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Sifting through dust near Orion's Belt

Dust is important to astronomers as dense clouds of gas and dust are the birthplaces of new stars.
M78
This image of the region surrounding the reflection nebula Messier 78, just to the north of Orion’s belt, shows clouds of cosmic dust threaded through the nebula like a string of pearls. The submillimeter-wavelength observations, made with the Atacama Pathfinder Experiment (APEX) telescope and shown here in orange, use the heat glow of interstellar dust grains to show astronomers where new stars are being formed. They are overlaid on a view of the region in visible light. Credit: ESO/APEX (MPIfR/ESO/OSO)/T. Stanke et al./Igor Chekalin/Digitized Sky Survey 2
A new image of the region surrounding the reflection nebula Messier 78, just to the north of Orion’s Belt, shows clouds of cosmic dust threaded through the nebula like a string of pearls. The observations, made with the Atacama Pathfinder Experiment (APEX) telescope, use the heat glow of interstellar dust grains to show astronomers where new stars are being formed.

Dust may sound boring and uninteresting, but this new image of Messier 78 and surroundings, which reveals the submillimeter-wavelength radiation from dust grains in space, shows that dust can be dazzling. Dust is important to astronomers as dense clouds of gas and dust are the birthplaces of new stars.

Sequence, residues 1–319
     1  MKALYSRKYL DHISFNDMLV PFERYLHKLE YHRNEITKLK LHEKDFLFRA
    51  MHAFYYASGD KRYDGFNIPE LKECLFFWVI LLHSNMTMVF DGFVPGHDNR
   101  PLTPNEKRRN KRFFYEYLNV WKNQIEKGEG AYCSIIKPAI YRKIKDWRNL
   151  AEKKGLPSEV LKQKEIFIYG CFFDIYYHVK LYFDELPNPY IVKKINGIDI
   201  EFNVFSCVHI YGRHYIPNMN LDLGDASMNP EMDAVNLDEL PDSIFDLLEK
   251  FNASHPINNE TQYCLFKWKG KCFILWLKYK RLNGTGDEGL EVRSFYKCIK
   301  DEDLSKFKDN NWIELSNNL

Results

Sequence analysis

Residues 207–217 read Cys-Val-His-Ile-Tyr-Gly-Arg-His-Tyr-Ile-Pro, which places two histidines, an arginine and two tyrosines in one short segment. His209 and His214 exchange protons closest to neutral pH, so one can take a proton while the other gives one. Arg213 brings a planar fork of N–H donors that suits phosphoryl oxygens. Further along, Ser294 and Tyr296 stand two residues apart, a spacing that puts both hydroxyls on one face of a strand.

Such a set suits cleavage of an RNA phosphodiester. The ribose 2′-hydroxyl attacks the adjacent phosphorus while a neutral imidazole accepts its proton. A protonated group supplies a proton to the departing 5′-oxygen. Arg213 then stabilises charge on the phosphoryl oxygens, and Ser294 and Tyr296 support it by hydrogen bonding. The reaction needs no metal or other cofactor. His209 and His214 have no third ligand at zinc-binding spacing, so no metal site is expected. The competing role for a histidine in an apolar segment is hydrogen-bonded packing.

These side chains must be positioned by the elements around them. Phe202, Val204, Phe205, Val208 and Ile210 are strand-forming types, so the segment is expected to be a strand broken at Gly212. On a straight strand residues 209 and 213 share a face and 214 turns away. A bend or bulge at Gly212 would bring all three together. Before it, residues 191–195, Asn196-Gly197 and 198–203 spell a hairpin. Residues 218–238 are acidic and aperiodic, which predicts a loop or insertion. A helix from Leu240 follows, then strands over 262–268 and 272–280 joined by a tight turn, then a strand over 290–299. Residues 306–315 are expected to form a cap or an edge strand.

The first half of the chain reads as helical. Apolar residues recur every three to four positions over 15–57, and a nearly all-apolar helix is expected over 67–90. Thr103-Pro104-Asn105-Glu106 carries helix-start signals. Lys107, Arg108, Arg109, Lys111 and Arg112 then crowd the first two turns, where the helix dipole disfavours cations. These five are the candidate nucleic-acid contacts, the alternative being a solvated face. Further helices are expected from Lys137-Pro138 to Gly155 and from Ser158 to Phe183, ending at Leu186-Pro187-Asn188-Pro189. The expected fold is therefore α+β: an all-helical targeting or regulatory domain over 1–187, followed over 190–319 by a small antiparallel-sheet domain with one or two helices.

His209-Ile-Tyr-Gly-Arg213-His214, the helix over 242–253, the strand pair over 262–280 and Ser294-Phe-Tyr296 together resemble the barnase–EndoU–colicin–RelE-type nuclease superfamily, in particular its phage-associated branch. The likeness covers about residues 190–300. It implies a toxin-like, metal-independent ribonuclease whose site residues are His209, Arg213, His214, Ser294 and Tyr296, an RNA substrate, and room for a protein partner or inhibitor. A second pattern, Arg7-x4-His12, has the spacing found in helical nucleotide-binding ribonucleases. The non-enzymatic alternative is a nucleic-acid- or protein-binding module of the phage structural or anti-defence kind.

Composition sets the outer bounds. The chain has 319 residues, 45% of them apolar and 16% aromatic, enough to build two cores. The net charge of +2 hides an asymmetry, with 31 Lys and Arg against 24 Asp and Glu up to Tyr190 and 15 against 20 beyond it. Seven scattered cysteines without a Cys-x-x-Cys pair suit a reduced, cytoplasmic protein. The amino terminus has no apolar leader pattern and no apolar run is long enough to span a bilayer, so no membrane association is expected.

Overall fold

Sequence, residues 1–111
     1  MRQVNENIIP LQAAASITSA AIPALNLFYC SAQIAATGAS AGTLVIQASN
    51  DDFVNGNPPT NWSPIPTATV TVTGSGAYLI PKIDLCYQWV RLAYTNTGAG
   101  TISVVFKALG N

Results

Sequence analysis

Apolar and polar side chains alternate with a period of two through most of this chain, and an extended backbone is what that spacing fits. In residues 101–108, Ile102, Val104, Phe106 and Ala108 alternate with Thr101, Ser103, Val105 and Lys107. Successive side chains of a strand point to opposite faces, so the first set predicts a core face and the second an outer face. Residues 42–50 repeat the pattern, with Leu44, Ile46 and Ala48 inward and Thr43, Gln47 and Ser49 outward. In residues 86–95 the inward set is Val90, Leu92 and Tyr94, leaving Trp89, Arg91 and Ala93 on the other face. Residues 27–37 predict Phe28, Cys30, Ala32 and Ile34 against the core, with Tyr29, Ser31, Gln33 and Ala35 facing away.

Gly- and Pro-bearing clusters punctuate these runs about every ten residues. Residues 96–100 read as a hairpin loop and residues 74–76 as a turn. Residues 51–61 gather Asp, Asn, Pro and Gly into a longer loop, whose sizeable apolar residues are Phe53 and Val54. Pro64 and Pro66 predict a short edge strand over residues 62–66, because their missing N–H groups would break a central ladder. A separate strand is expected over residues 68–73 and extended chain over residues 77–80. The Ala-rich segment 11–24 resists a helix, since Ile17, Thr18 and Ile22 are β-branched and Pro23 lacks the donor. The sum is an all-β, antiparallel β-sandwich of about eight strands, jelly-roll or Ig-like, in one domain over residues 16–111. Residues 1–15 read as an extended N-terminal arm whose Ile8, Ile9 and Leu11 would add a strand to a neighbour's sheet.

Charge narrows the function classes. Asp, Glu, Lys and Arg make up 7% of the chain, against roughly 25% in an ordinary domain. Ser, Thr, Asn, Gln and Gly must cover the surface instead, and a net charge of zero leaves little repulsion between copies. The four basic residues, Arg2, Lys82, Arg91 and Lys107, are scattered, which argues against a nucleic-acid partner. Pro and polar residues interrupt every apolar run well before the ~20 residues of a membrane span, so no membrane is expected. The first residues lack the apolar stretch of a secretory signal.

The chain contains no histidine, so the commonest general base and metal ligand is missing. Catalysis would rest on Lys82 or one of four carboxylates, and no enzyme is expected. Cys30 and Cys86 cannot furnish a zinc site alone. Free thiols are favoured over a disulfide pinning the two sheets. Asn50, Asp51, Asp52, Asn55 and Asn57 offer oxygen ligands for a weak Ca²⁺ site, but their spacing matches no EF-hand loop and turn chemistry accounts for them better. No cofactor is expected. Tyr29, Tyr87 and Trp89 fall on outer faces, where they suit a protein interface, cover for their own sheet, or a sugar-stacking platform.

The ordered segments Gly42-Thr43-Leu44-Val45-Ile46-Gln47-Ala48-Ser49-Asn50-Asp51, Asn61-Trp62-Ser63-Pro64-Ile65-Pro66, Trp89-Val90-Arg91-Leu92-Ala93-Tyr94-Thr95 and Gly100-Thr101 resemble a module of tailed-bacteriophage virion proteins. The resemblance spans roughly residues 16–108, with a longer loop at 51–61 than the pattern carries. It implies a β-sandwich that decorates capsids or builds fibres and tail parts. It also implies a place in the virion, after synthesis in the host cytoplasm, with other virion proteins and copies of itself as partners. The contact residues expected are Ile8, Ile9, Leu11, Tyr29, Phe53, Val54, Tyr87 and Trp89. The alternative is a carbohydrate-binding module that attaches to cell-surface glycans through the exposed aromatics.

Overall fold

In the center of the image is Messier 78 (NGC 2068). When seen in visible light, this region is a reflection nebula, meaning that we see the pale blue glow of starlight reflected from clouds of dust. The APEX observations are overlaid on the visible-light image in orange. Sensitive to longer wavelengths, they reveal the gentle glow of dense cold clumps of dust, some of which are even colder than –418 Fahrenheit (–250º Celsius). In visible light, this dust is dark and obscuring, which is why telescopes such as APEX are so important for studying the dusty clouds in which stars are born.

One filament seen by APEX appears in visible light as a dark lane of dust cutting across Messier 78. This tells us that the dense dust lies in front of the reflection nebula, blocking its bluish light. Another prominent region of glowing dust seen by APEX overlaps with the visible light from Messier 78 at its lower edge. The lack of a corresponding dark dust lane in the visible light image tells us that this dense region of dust must lie behind the reflection nebula.

Observations of gas in these clouds reveal gas flowing at a high velocity out of some of the dense clumps. These outflows are ejected from young stars while the star is still forming from the surrounding cloud. Their presence is therefore evidence that these clumps are actively forming stars.

At the top of the image is another reflection nebula, NGC 2071. While the lower regions in this image contain only low-mass young stars, NGC 2071 contains a more massive young star with an estimated mass five times that of the Sun, located in the brightest peak seen in the APEX observations.

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